2009.08.31 – Genetic Link Between Leukemia And Down’s Syndrome


By urgesboard | August 31, 2009

Researchers are closer to developing drugs to usage of acute lymphoblastic
leukemia (ALL) after identifying mutations in the JAK2
gene tangled in Down’s syndrome, which is associated with this form of
leukemia. Dr Shai Izraeli (Sheba Medical Nave, Ramat Gan,
Israel) and colleagues explain their scrutinize in an article published
early online and in an upcoming copy of The Lancet.

A cancer of the blood or bone marrow, leukemia is a disease
characterized by aberrant reproduction of leukocytes, or white blood
cells. Down’s syndrome is a genetic disorder that occurs when
a human has a third facsimile of chromosome 21 rather than the normal 23
pairs of chromosomes. Not only does Down’s syndrome leave children with
impaired cognitive talent and physical growth, but the condition also
results in a 20-times increased risk of developing acute leukemia,
including ALL. Since mutations of the gene JAK2
have on the agenda c trick been linked to cancers that affect other types of white blood stall
(myeloproliferative) disorders, Dr Izraeli and colleagues hypothesized
that mutations of JAK2 are a common molecular effect come what may
found in Down’s syndrome-related ALL.

The tests required bone marrow samples from patients with Down’s
syndrome-interconnected ALL. Of 87 patients who met the necessary
criteria, 18% (16) had somatically (spontaneous, not
inherited) acquired JAK2 mutations. In addition,
the researchers set that children with a JAK2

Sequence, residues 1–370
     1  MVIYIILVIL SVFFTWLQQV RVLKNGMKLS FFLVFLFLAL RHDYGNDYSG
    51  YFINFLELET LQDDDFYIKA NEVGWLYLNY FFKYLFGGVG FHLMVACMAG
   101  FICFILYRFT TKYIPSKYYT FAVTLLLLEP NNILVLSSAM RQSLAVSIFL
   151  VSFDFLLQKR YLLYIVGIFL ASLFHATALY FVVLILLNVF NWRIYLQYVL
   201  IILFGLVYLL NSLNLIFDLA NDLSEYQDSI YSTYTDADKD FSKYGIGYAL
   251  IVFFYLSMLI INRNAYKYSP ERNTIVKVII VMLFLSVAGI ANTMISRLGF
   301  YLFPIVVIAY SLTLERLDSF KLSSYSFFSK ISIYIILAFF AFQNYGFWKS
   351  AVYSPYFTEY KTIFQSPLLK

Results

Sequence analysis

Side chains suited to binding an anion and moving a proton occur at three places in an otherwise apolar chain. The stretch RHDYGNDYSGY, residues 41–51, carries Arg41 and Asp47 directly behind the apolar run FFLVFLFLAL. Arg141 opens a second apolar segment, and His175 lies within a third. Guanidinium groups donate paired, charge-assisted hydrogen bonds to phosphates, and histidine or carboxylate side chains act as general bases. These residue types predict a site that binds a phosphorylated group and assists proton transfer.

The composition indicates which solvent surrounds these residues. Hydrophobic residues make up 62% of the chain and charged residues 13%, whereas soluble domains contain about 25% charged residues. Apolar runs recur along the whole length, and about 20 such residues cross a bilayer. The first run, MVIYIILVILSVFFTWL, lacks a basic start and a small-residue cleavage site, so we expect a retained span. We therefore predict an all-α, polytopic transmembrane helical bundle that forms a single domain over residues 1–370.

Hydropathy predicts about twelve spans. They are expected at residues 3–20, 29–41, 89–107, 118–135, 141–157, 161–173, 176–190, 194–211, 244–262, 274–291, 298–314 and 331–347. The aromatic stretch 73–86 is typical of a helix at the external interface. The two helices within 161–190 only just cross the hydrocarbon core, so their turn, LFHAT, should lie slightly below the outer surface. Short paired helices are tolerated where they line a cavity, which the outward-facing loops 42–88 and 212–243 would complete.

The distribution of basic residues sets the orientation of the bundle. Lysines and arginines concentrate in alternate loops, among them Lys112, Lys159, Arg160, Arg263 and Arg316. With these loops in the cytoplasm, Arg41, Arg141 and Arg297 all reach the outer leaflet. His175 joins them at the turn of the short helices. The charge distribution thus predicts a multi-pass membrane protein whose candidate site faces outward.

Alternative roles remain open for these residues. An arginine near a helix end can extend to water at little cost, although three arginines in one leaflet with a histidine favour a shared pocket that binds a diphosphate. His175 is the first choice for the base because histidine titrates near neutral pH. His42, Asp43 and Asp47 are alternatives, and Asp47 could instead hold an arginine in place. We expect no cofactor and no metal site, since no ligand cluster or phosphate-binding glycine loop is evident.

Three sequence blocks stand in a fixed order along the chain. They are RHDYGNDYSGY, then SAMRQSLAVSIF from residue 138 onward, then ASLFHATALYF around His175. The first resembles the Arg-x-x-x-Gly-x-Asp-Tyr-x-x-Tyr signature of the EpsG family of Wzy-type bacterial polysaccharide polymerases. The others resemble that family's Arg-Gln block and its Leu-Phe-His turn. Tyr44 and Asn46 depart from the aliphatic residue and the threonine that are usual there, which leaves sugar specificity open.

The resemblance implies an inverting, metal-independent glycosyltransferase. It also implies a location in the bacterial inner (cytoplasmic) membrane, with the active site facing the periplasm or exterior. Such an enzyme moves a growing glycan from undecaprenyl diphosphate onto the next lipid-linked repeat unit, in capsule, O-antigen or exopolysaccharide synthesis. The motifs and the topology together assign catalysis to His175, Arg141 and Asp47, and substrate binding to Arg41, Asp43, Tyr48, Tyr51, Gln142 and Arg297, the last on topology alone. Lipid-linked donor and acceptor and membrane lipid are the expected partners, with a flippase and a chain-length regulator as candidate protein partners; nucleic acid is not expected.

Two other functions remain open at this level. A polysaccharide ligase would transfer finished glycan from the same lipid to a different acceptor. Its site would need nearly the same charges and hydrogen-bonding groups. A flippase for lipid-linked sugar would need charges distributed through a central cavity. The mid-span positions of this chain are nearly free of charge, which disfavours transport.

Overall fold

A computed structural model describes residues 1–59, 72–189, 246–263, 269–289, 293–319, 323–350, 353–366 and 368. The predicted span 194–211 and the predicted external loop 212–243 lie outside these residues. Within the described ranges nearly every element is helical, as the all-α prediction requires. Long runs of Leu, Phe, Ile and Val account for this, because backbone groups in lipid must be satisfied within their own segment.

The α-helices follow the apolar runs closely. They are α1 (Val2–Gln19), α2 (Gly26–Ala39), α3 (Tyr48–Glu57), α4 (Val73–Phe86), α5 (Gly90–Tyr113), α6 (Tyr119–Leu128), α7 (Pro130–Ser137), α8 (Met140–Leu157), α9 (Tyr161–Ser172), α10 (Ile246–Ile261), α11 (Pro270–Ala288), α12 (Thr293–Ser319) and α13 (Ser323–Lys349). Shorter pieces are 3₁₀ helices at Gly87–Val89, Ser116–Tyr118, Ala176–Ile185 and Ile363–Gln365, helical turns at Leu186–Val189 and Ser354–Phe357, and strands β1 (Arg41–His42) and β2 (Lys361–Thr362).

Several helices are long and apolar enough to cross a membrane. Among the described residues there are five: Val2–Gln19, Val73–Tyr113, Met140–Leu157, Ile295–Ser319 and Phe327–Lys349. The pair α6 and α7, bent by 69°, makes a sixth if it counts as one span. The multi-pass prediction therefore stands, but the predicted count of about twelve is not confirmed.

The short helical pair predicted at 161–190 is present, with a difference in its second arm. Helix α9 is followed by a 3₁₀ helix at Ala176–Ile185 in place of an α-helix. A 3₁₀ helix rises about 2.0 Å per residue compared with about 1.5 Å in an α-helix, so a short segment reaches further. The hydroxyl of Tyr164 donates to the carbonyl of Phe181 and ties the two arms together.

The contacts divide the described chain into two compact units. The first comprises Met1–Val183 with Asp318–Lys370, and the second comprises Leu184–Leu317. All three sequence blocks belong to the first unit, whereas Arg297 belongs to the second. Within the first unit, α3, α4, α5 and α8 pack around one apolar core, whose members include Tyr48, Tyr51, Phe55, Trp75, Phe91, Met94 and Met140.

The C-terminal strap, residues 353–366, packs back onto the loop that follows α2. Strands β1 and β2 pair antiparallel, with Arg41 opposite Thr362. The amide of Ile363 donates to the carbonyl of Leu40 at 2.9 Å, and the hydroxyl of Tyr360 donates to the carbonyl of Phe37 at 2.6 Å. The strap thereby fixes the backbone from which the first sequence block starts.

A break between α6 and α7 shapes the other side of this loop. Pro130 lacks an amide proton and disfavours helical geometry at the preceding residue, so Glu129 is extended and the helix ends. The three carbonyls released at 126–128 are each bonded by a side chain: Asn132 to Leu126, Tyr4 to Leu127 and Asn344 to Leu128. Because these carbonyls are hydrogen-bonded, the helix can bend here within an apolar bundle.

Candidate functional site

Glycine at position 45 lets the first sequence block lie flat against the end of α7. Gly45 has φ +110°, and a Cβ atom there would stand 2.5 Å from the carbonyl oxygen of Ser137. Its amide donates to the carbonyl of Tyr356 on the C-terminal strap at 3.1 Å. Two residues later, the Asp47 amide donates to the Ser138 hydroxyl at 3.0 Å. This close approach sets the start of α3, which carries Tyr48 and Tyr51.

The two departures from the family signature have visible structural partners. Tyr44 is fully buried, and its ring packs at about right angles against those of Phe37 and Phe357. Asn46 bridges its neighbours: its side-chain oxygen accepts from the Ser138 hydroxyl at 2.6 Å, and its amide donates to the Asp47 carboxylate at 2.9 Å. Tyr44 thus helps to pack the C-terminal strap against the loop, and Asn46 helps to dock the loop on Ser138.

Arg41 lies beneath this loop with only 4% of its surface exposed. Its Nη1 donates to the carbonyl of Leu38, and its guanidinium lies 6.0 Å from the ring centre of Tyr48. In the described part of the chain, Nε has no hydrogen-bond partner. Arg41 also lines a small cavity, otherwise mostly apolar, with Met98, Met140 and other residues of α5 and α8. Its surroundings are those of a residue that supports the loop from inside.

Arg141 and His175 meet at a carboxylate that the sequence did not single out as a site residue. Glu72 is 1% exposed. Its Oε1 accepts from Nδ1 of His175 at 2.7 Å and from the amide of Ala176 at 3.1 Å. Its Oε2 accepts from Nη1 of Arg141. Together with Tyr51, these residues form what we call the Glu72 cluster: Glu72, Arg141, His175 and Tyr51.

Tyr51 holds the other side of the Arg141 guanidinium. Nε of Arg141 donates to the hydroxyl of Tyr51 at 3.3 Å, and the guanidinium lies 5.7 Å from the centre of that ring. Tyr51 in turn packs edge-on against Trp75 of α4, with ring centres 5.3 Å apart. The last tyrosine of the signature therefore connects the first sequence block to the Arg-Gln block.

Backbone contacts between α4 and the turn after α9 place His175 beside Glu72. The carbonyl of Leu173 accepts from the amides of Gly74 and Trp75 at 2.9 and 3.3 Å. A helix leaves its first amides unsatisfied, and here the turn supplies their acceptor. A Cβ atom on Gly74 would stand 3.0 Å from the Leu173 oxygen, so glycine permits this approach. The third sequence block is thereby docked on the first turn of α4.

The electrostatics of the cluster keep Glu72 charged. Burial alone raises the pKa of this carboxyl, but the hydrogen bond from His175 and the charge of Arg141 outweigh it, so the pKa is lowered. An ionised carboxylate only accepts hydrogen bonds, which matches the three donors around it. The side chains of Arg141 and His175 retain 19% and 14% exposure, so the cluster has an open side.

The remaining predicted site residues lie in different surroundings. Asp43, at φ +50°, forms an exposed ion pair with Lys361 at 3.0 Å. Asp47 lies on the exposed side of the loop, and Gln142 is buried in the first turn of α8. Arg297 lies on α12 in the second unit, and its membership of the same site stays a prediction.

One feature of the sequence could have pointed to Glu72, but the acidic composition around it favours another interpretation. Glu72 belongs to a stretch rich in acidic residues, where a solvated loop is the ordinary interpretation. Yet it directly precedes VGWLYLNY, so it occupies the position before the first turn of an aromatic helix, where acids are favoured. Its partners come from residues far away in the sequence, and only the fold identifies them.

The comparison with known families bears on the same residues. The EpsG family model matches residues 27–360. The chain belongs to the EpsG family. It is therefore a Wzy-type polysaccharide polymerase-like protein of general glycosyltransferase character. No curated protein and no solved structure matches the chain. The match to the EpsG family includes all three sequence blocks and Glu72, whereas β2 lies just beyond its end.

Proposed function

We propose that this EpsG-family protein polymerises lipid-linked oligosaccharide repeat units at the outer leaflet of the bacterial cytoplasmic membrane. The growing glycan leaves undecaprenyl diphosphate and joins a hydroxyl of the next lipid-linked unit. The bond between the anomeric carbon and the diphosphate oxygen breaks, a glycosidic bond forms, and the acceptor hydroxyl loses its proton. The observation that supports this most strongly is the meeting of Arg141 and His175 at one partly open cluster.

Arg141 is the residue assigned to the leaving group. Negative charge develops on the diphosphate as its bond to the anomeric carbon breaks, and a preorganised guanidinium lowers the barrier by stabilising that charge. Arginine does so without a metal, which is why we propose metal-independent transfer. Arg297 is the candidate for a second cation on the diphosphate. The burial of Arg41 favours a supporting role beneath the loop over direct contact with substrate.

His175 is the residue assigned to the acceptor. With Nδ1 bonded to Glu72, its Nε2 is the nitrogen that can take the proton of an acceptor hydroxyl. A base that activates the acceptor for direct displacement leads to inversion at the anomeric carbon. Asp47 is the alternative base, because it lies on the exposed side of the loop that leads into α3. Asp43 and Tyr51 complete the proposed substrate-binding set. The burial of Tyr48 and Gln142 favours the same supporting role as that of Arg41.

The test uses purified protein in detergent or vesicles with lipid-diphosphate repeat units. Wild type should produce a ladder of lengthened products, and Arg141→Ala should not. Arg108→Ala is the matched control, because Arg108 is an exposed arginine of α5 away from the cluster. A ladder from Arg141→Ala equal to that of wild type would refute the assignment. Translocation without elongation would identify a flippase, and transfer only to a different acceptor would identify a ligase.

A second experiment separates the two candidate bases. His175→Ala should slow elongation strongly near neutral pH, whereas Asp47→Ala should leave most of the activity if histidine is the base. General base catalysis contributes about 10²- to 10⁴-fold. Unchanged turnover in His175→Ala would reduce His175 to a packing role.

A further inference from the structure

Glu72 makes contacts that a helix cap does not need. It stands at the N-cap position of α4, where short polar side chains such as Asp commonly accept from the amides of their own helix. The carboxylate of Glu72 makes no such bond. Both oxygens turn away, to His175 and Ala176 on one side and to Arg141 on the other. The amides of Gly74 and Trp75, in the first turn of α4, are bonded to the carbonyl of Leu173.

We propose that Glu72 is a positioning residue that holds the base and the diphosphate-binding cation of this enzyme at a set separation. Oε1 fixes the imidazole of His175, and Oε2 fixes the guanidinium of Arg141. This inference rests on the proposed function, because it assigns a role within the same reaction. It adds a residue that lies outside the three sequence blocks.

modifying were 4.1 years younger at ALL diagnosis than those children
who did not have the evolution – 4.5 years vs. 8.6 years. The
study revealed five mutations (alleles) that each affected a distinct
amino-acid residuum in the protein that the gene encoded, called R683.

Dr Izraeli and colleagues conclude that there is a specific association
between the event of conditions such as ALL and somatic mutation
in the JAK2 gene. They compose: “Somatically acquired
R683 JAK2 mutations define a clear canny
lymphoblastic leukaemia subgroup that is uniquely associated with
Down’s Syndrome. JAK2 inhibitors could be beneficial
proper for treatment of this leukaemia.”

Dr Charles G Mullighan (St Jude Children’s Research Hospital, Memphis,
TN, USA) writes in an accompanying article hither the successful
progress that has been made in resequencing entire
genomes leukemia and other tumors. Mullighan writes: “These
approaches, coupled with genome-wide analyses of alterations to DNA
copy tally and epigenetic phenomena, will ballade bare the genome of acute
lymphoblastic leukaemia, and allow us to identify logical pathways to go to
therapeutic intervention in this murrain.”

Mutations of JAK2 in pointed
lymphoblastic leukaemias associated with Down’s syndrome
Dani Bercovich, Ithamar Ganmore, Linda M Scott, Gilad
Wainreb, Yehudit Birger, Arava Elimelech, Chen Shochat, Giovanni
Cazzaniga, Andrea Biondi, Giuseppe Basso, Gunnar Cario, Martin
Schrappe, Martin Stanulla, Sabine Strehl, Oskar A Haas, Georg Mann,
Vera Binder, Arndt Borkhardt, Helena Kempski, Jan Trka, Bella Bielorei,
Smadar Avigad, Batia Stark, Owen Smith, Nicole Dastugue, Jean-Pierre
Bourquin, Nir Ben Tal, Anthony R Green, Shai Izraeli
The Lancet (2008).